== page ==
30 films to watch before you die, #25
That's a lucky coincidence. I didn't plan it this way. Today I watched the 25th film in my essential films list, "Spider-Man", made in 2002, and it has a Thanksgiving scene. This picture of Peter Parker with his Aunt May will warm the hearts of my American readers when they read my blog tomorrow before they sit down at the table to stuff themselves with turkey.
This is the best Marvel super-hero ever made. The reason is obvious. It remains close to the original stories told by Stan Lee, closer than any of the films before and after. To quote the words of the fantasy author George R. R. Martin:
"You can't go wrong if you stick with Stan Lee. That's always been my opinion on these Marvel movies. The best ones are the ones that are closest to what Stan Lee did. It's when they start to be creative, when they think they can be better than Stan Lee, mostly they can't".
Exactly. "Spider-Man" was directed by Sam Raimi, who obviously has a great love and respect for Stan Lee's comics. None of the other films have remained as close to Stan Lee's comics. The origin itself is almost exactly as it was in Amazing Fantasy #15. The only real difference is that the web shooters are organic, not mechanical. This is an improvement, in my opinion. The idea that a schoolboy can build a technical marvel like that is hard to believe. It's more logical to believe that the webs were the result of his mutation into a human spider.
In my reviews of films and television series I frequently point out examples of sloppy newspaper reports, with badly constructed text that the director assumes nobody will notice. Sam Raimi shows that it can be done right. There are several newspapers shown during the film, and the articles are all written faultlessly. Click on the picture above to read the article.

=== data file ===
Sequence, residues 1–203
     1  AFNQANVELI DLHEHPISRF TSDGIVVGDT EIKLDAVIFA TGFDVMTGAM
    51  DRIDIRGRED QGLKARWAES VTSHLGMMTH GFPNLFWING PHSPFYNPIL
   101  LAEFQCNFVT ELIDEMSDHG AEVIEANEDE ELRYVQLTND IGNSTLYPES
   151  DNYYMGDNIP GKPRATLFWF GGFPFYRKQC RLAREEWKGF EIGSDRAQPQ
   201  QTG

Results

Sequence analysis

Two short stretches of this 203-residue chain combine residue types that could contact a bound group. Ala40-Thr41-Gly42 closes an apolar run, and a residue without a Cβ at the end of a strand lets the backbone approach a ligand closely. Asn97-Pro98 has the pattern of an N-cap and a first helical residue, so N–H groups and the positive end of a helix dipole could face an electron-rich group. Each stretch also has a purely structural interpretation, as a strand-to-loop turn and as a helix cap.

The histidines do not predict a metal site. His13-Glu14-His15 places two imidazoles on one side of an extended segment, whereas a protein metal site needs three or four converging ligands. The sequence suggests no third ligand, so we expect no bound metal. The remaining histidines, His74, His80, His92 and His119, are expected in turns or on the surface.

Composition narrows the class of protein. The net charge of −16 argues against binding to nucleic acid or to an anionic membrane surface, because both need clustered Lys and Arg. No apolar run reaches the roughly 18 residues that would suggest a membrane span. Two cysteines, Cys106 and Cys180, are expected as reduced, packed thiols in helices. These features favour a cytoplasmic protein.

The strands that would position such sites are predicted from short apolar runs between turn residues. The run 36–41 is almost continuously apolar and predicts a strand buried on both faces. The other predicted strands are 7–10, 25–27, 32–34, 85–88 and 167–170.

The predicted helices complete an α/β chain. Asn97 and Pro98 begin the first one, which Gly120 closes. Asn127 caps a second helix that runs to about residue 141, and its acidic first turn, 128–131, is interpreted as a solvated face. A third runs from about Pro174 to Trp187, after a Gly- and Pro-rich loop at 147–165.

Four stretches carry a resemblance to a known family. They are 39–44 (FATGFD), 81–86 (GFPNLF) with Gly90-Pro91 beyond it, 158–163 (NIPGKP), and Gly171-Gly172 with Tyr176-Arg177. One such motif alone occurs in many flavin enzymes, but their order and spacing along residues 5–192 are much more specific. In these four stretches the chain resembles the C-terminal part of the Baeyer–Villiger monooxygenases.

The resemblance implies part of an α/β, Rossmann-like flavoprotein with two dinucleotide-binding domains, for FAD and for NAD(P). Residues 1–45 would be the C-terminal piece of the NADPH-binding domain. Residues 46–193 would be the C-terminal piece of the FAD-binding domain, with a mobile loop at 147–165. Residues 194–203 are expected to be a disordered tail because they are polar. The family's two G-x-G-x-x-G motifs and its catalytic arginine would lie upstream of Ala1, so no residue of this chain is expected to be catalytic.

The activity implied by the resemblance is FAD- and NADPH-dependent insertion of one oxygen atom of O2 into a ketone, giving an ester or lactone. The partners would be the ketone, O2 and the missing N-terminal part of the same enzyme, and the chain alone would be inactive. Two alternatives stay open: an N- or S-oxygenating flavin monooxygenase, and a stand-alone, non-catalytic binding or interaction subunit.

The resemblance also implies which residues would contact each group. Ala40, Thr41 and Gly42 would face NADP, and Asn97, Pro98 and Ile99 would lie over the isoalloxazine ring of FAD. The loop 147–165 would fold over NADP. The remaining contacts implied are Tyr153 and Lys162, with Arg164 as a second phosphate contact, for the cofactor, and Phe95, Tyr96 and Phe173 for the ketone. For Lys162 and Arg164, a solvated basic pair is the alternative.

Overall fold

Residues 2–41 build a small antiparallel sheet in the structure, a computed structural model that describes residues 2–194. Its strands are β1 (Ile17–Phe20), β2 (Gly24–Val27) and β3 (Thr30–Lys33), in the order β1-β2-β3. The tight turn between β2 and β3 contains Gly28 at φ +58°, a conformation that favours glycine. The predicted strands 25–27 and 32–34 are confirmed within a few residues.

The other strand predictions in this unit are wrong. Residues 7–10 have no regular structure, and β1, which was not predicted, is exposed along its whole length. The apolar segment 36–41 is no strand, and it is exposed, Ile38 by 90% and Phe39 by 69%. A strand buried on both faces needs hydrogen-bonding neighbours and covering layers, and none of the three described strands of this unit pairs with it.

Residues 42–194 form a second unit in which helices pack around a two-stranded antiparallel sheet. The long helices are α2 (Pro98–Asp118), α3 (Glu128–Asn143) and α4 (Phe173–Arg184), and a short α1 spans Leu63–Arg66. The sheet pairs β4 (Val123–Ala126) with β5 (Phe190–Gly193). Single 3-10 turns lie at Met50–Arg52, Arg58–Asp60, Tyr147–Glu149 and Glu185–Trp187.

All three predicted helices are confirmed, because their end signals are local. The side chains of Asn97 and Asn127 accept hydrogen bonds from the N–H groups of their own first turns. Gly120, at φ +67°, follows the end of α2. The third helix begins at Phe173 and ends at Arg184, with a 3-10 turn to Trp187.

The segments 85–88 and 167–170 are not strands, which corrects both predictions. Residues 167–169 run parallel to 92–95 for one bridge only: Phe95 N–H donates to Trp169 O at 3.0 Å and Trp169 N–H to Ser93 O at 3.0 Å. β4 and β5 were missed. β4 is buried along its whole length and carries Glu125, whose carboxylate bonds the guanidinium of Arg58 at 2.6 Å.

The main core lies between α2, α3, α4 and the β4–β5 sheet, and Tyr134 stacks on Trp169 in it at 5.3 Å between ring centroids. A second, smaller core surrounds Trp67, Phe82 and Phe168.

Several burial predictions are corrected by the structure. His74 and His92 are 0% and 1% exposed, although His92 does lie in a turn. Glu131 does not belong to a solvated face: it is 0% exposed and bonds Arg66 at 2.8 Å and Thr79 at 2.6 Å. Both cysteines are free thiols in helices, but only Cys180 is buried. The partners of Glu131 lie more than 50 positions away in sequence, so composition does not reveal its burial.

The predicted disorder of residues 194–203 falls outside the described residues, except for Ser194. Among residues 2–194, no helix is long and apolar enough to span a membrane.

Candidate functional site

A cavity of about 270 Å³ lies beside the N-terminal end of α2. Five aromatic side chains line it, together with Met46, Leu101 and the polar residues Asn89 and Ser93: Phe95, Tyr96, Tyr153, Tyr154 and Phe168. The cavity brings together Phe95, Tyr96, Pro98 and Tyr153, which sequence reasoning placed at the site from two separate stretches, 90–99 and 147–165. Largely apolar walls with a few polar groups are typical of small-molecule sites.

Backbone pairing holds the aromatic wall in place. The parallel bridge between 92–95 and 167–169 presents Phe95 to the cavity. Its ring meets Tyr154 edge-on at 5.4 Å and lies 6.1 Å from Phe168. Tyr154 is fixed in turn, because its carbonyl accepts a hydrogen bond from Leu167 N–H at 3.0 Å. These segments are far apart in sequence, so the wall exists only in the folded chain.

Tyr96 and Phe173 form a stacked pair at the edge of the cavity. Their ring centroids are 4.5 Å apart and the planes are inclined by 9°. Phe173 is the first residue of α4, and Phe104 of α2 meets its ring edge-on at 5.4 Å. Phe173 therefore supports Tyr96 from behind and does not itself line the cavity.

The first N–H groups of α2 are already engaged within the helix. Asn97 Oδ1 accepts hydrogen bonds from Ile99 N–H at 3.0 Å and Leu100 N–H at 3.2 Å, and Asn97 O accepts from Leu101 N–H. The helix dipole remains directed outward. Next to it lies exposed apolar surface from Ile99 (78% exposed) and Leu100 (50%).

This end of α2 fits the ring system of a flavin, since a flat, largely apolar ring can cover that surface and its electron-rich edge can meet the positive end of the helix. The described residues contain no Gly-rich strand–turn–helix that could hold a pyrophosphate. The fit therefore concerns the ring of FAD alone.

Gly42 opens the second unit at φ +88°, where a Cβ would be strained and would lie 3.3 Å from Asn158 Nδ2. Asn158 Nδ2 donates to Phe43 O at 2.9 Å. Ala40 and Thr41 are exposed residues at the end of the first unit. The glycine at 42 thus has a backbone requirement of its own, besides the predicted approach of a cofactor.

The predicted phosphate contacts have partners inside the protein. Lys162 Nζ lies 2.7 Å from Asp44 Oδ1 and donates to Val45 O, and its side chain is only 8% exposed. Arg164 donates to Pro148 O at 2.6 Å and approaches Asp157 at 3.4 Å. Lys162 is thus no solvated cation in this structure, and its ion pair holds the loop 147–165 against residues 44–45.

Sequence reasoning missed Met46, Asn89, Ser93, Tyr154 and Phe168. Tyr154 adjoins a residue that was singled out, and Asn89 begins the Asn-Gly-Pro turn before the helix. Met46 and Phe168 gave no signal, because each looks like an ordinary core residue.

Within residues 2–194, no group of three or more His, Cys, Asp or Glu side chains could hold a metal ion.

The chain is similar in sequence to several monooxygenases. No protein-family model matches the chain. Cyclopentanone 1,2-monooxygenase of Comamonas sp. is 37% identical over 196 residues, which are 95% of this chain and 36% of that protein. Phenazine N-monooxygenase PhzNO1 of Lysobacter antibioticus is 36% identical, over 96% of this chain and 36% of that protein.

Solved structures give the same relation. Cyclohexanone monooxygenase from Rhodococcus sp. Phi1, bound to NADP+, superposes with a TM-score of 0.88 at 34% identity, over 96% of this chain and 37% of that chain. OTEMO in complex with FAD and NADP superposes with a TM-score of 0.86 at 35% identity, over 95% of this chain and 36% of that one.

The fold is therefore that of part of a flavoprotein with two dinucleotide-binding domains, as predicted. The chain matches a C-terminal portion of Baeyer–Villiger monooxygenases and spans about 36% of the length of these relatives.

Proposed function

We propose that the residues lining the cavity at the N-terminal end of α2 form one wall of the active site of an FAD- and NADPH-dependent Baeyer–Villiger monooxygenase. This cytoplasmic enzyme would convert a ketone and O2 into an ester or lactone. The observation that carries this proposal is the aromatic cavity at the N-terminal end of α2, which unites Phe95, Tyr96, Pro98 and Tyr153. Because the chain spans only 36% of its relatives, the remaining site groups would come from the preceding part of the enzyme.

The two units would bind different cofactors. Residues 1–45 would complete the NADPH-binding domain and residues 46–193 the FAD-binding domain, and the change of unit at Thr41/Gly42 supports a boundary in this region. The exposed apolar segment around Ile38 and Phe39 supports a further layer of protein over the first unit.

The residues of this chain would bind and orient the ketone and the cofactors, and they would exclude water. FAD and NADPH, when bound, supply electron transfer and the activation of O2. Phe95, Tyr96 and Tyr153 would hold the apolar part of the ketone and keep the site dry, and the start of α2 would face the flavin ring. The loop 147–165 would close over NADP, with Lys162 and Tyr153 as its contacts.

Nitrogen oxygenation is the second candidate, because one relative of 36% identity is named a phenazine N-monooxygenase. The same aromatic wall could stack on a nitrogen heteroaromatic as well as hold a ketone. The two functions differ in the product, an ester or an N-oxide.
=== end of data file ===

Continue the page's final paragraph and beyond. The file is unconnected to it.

These words are the motto of Peter Parker's life as Spider-Man. They're so important that they're spoken in the film three times, once by Uncle Ben and twice by Peter himself.
The casting of the film is nothing short of miraculous. Nobody but Tobey Maguire could have been picked to play Peter Parker. The resemblance to the comic book character is uncanny. Just compare him with Andrew Garfield, who hardly looks like Peter Parker at all. Kirsten Dunst was an excellent choice to play Mary-Jane Watson, even though she wasn't a natural redhead. J. K. Simmons looks so much like Jonah Jameson that you might think the comics were drawn with him in mind.
Many other Marvel super-hero films have been made, but these are the best films I can recommend for future viewing: